Timing Belt Change -- Page 5
Replacing Cam Seals & Alternator
Replacing PCV Valve
Waterpump and Thermostat
Replace Timing Belt and ReAssembly
Timing Belt Change -- Page 2
Timing Belt Change -- Page 3
Timing Belt Change -- Page 4
Changing the Spark Plugs
Timing Belt Change -- Page 1
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Mitsubishi 3.0 SOHC Engine

Changing the Timing Belt -- Page 1

You can do the spark plug change near the end of this overhaul, or at the beginning. If you plan to change the timing belt, you may need the plugs and battery connected to "bump" the starter to loosen the crankshaft bolt. So do this first.

You need to expose the crank pulley for this first step. Support the front end of the car on jackstands, and remove the passenger side front wheel. This is also a good time to put a support under the engine (will need this later when you remove the front engine mount). I used a bottle jack to lift, and a smaller jackstand to hold it.


Then remove the wheel well shielding, as well as the plastic shield that covers the drive belts.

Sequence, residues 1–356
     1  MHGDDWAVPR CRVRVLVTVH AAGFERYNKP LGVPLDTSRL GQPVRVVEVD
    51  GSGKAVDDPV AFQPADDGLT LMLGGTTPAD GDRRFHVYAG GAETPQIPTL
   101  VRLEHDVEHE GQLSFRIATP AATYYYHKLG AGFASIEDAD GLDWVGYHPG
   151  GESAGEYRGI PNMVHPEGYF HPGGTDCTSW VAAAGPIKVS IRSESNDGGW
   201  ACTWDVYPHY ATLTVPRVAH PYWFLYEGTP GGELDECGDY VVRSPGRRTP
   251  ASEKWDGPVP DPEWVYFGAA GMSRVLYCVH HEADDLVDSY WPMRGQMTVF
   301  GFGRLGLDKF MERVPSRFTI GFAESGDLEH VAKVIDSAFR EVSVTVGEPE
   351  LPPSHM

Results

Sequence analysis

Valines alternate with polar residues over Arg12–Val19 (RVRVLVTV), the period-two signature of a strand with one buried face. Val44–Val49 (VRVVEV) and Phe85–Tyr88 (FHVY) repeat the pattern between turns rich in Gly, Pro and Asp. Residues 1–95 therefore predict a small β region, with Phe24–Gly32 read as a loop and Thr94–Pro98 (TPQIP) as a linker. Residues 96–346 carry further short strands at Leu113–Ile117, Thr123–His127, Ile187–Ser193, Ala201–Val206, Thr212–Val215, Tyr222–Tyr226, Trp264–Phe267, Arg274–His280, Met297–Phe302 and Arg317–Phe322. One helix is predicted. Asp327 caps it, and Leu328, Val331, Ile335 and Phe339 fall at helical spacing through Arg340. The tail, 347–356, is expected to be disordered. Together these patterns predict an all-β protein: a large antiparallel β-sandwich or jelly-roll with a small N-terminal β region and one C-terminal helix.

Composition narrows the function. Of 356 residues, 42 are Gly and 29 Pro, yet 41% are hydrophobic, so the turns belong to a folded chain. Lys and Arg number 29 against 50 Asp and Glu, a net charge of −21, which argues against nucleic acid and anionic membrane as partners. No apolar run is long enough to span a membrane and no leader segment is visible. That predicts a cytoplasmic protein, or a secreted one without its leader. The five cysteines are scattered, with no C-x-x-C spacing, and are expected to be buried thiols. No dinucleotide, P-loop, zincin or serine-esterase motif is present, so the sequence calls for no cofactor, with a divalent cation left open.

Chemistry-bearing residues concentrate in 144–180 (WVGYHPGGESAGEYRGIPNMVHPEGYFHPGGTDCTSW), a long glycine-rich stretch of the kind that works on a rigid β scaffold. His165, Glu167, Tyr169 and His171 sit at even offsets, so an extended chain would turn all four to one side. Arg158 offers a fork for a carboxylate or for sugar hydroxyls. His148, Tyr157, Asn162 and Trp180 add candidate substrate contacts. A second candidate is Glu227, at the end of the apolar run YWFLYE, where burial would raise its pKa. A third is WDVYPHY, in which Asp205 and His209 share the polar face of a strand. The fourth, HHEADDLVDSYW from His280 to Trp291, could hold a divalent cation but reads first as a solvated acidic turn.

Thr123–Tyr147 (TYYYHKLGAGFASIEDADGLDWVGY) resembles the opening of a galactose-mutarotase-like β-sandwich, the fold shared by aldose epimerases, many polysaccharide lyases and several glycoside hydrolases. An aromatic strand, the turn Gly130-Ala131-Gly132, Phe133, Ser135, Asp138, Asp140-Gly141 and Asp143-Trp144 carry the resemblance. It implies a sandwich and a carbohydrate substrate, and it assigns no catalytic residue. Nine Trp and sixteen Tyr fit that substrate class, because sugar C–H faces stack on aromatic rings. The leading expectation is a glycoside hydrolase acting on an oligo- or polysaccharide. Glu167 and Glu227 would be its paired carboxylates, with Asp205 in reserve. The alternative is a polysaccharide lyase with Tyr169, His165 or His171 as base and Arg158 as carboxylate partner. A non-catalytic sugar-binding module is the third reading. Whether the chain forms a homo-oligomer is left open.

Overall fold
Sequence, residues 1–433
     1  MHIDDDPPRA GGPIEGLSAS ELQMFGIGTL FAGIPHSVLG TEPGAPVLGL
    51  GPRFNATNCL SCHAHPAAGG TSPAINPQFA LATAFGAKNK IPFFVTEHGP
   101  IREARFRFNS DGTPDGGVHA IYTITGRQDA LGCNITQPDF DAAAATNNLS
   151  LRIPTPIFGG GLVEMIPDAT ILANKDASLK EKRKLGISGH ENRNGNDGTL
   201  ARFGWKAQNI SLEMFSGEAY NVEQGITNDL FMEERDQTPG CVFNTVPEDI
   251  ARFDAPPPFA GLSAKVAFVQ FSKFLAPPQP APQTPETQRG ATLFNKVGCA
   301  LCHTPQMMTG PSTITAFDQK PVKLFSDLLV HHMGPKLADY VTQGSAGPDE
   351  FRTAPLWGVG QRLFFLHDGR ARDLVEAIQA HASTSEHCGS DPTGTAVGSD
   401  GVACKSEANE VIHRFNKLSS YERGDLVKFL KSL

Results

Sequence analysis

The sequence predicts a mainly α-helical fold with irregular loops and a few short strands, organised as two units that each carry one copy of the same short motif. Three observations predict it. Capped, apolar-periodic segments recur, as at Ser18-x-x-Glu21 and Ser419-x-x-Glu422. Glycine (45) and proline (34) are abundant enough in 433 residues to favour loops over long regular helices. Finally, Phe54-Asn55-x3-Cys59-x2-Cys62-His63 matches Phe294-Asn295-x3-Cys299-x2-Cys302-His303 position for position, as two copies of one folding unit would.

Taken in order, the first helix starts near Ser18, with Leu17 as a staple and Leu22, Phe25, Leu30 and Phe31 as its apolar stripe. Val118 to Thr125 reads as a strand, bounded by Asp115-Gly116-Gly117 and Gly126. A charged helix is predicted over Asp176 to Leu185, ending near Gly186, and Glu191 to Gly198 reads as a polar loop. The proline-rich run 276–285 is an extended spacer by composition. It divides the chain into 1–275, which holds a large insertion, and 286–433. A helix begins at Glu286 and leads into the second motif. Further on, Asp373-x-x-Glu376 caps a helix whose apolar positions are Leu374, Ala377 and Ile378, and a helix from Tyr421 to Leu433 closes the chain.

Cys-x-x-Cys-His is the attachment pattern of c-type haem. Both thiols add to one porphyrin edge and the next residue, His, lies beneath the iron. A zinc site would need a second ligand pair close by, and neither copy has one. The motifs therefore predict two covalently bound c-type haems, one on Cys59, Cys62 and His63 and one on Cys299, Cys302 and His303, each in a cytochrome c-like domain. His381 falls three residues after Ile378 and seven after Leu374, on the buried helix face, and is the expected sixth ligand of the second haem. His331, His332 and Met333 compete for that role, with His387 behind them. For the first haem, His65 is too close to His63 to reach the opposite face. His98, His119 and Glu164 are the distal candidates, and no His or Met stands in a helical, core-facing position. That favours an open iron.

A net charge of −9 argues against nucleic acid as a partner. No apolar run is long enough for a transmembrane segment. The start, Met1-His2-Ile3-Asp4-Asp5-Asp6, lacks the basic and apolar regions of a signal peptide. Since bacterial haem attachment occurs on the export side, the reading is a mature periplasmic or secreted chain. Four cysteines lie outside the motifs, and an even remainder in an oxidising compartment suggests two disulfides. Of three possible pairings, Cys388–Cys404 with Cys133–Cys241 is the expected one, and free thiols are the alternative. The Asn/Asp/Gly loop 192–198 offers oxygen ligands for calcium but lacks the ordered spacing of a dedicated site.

Disconnect the center plug of the distributor (comes from the ignition coil) so the engine won't actually fire.


Put a six-face socket on the crank bolt attached to a breaker bar or extension, preferably 1/2" size. Then turn the key for a few seconds, "bumping" the starter. This will engage the flywheel and turn the crankshaft, loosening the bolt for you. The crankshaft spins clockwise during normal operation, as it faces you in this picture


This is a top view of the crank pulley with the "bump" breaker bar in place. Note that on this engine, there is an overlay narrow v-pulley to drive the AC compressor (in a world where A/C is an afterthought ... ). The bolt on the small tensioner pulley (arrow) is loosened to remove this belt.


Now on to removing the drive belts, pulleys and motor mount.

Timing Belt Change -- Page 2

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Projects for the DIY auto enthusiast